Q: Are your characters in Relic inspired by someone you know/admire? (If the book is in 3rd person, which character did you enjoy writing the most?)
A: The book is in first person, from Kaylan’s perspective, but if it was in third person I would definitely love to write from Lord Rennard’s perspective and Shae’s too. The characters in Relic are mostly unlinked to people I know. There are definitely some things in there that I’ve taken from my own life – moments I’ve experienced, emotions I’ve had – and I’ve incorporated them into my characters, but you couldn’t really point to most of my characters and say they were like someone in my life.

Q: Does travelling help with your writing process? Does it inspire new creative ideas for you?
A: Yes and no. Travelling distracts me from writing because I want to be out there exploring and not sitting in front of a computer. But it does inspire important things – such as the understanding that people are different and are raised in different cultures, countries and situations and have developed incredibly different thoughts and ways of looking at the world.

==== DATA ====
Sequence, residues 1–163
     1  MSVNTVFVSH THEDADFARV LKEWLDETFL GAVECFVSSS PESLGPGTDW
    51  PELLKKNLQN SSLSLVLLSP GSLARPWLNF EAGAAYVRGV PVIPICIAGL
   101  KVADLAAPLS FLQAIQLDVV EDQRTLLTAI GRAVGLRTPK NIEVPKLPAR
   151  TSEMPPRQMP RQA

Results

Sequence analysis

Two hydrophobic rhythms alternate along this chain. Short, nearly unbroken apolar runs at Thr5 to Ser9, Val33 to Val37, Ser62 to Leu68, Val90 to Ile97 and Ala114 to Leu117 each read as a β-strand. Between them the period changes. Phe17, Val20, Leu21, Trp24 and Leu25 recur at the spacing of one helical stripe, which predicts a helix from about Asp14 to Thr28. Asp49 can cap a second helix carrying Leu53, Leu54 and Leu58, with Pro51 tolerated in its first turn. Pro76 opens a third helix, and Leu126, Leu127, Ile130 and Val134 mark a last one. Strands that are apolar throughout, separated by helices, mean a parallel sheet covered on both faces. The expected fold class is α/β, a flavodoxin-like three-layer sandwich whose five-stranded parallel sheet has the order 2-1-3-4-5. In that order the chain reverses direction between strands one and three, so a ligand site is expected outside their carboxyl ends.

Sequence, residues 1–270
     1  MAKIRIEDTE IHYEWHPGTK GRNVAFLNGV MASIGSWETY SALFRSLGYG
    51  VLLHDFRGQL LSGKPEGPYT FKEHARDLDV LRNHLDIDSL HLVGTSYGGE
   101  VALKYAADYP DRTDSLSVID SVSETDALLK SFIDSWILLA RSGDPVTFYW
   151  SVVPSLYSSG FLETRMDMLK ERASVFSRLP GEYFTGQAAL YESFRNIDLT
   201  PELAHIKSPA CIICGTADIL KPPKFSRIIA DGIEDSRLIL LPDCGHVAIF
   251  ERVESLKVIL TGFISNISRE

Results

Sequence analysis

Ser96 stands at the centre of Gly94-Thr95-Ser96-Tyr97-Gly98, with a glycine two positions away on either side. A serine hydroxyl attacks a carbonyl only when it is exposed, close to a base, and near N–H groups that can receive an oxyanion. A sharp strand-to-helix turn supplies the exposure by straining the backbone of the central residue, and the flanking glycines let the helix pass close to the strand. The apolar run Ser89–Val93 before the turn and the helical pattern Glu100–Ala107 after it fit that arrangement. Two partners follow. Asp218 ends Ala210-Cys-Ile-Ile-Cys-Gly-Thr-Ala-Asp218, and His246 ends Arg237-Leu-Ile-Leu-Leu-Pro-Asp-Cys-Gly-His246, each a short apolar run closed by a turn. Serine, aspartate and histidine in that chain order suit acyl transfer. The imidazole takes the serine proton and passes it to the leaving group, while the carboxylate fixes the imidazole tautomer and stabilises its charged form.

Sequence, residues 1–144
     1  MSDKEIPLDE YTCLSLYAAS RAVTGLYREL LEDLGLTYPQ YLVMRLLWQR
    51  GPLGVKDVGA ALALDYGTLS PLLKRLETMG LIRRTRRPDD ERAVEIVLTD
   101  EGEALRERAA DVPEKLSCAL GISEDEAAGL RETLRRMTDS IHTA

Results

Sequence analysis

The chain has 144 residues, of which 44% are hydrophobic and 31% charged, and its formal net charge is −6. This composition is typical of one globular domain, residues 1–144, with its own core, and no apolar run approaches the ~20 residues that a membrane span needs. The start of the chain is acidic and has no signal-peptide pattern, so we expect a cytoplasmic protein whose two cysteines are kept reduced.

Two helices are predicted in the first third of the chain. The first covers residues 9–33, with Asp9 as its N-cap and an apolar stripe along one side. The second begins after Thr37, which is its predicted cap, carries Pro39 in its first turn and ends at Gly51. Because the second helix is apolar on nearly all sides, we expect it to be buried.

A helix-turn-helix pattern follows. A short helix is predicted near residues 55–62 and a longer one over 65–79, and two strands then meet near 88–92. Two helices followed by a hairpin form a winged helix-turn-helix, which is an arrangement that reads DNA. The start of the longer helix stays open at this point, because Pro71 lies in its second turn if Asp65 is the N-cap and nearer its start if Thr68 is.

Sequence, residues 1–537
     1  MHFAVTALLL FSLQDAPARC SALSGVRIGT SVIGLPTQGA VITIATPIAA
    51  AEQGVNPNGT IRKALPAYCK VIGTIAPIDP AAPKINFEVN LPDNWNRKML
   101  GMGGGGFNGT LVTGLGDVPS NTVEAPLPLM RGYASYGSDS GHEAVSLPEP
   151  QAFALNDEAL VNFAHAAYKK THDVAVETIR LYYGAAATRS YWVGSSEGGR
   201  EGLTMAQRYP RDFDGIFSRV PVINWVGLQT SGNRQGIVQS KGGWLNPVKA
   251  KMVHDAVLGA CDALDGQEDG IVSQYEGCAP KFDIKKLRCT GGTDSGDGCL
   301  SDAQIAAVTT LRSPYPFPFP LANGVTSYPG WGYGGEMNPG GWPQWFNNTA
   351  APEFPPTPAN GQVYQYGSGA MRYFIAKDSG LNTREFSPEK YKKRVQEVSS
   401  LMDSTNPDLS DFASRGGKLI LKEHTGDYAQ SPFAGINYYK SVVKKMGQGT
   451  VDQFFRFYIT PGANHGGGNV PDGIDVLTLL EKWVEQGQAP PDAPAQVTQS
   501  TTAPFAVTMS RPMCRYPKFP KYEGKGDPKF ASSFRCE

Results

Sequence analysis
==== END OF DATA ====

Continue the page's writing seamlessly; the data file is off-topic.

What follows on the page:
Landscapes and incredible buildings have definitely inspired me in the past – not so much for Relic but I have a few ideas for future series and I’ve soaked up the beautiful places I’ve been to in order to use them in some way in the future.

Q: Is there a particular scene you enjoyed writing or part of the book you enjoyed researching for? Without spoiling the book, of course.
A: There is a party scene that I loved creating – the music, food, colours, dancing. I think this is because I love hosting parties in real life, so writing about one was just as fun! 

I enjoyed researching blacksmithing! I did a weekend blacksmith course and it was not only incredibly fun but it really helped me step into Kaylan’s shoes. I remember feeling the heat on my face for the first time and how it took my breath away and suddenly I was in the smithy with Kaylan, working – and sweating – alongside her.